Archive for February, 2012
More rain, more mud. If only we could persuade the hens to stay on the gravelled areas life would be easier. But the moment the doors are opened they head off immediately to the sea of mud that once was a field, before they devoured the grass. In many ways chickens are like some people, stubborn to a fault.
A good example of which are the Occupy protesters at St Pauls who were finally evicted yesterday. At first they endured ridicule, even new names such as ‘bivouacked crusties’ with which mad Boris expanded Britain’s word power. And they drew into their midst some decidedly odd characters, who joined them in bearing the worst that winter could throw at them. But they stuck it out, and it soon became apparent that this was one protest that the establishment could not shrug off lightly. Where turn-of-the-millenium Stop the City protests were the preserve of socialist students, opinion polls this time have found middle England more inclined to applaud Occupy’s idealism than to dismiss it as naive. Within a month of the occupation the term ‘crony capitalism’ was on many lips, not least that of the Prime Minister.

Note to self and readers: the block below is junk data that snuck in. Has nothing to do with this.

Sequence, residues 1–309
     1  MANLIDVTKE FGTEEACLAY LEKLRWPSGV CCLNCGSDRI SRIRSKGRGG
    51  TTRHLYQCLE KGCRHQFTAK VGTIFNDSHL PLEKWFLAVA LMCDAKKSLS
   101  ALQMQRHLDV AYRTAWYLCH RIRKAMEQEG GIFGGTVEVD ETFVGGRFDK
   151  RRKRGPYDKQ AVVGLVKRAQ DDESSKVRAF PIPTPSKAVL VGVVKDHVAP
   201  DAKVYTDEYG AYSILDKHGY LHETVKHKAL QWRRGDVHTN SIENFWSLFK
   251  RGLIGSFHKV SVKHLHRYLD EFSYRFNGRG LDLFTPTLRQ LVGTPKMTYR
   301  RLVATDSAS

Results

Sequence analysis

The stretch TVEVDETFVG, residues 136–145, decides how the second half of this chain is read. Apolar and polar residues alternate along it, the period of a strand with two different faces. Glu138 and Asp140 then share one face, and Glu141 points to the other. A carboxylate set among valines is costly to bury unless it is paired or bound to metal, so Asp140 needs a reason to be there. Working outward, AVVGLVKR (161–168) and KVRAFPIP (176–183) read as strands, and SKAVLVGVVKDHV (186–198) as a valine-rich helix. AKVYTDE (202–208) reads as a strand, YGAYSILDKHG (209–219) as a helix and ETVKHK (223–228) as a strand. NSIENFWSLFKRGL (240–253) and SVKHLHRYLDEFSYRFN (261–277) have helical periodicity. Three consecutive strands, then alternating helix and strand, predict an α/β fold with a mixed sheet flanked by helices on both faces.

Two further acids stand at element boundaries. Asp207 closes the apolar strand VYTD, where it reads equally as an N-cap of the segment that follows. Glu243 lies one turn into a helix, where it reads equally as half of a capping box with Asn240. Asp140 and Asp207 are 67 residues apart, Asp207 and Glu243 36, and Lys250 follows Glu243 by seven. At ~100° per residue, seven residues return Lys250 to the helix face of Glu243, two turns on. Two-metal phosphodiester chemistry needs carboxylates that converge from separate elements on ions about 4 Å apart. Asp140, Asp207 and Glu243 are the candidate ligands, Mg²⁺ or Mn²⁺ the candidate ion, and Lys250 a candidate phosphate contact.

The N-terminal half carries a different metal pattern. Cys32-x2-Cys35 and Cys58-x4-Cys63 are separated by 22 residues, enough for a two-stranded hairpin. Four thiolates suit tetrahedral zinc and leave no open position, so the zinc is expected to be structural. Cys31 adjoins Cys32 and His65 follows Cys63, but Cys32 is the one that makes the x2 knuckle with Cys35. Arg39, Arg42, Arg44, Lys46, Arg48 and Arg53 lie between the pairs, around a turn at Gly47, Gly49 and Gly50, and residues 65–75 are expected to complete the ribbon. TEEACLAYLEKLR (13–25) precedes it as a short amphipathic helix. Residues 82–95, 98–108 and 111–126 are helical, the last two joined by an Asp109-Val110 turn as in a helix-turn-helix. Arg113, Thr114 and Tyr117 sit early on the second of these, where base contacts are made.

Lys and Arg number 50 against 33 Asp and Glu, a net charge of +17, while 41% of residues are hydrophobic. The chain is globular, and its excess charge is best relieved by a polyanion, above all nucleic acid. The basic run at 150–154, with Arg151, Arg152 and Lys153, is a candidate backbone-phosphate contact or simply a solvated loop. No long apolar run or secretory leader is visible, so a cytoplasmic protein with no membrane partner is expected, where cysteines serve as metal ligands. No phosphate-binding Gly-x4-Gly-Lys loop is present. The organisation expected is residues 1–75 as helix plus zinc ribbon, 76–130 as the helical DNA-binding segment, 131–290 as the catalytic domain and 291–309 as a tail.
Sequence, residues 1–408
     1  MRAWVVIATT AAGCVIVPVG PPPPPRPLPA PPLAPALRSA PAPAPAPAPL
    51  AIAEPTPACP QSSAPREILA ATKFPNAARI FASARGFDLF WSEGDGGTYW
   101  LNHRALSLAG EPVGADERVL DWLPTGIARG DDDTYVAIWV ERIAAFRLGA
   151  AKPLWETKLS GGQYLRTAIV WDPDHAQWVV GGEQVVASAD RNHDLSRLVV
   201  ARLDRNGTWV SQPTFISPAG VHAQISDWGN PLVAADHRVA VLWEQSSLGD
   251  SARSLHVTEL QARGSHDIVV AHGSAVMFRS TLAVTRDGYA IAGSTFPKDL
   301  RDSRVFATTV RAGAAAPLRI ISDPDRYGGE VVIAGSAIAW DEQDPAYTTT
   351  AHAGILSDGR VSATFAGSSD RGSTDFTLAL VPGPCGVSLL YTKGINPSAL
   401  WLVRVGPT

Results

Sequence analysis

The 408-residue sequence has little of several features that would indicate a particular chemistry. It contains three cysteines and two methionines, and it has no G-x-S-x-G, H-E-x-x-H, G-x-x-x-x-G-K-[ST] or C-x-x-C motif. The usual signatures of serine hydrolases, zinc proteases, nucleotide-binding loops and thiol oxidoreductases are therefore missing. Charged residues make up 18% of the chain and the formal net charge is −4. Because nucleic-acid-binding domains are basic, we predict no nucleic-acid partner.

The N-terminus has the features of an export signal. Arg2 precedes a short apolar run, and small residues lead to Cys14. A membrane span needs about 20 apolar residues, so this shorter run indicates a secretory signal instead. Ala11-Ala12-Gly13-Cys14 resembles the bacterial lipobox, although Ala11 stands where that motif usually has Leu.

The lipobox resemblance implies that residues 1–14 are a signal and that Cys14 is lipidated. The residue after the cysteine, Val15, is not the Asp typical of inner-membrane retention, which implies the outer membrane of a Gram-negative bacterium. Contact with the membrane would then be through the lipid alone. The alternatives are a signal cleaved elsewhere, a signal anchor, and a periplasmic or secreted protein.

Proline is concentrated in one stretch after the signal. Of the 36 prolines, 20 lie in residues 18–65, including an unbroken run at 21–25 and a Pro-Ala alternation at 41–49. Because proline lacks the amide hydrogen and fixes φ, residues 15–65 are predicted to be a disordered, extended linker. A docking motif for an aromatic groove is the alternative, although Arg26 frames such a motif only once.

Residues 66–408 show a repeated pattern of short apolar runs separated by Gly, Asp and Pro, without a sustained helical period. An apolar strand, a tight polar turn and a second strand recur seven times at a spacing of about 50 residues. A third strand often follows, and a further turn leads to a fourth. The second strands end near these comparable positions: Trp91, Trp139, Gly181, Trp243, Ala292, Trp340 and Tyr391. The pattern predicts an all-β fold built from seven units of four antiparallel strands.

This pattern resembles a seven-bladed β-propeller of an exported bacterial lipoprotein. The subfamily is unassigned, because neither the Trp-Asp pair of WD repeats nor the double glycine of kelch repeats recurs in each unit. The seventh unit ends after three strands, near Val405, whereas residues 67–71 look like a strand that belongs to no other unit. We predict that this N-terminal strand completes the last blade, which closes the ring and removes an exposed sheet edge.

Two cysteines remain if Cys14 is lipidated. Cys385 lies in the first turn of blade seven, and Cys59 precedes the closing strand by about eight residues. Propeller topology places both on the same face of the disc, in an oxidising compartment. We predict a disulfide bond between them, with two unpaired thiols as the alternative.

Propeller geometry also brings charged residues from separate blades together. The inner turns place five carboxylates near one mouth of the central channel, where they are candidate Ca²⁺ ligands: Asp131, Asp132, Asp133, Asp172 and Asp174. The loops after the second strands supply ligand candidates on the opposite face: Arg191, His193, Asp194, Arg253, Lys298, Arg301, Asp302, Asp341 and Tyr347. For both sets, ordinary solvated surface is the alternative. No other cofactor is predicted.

On the very day when the tents came down, as if on cue, capitalism provided yet another example of the depths to which our large companies and institutions have sunk. It was revealed that Barclays, whose boss pockets bonuses beyond human understanding, have been avoiding tax based on a rebate in respect of tax that has never been paid. Here we have a public company that has been reliant on all manner of public guarantees, going to ingenious lengths to avoid its public responsibilities. And the same politicians who say we cannot afford disability benefits and children’s centres were prepared to approach the dodgers with kid gloves, their first instinct was to spare the bank’s shame by refusing to name it which contrasted with their ‘name and shame’ approach to benefit fraudsters.
The church also fared badly when the protest gathered momentum. Some clergy resigned at the idea of eviction, haunted by the story of Christ in the temple. Others suggested seminars, which they knew would never attract the glare of publicity. It was left to a Bishop to speak out about a society in which bankers could render the poor even poorer, yet continue to pocket obscenely large sums of money.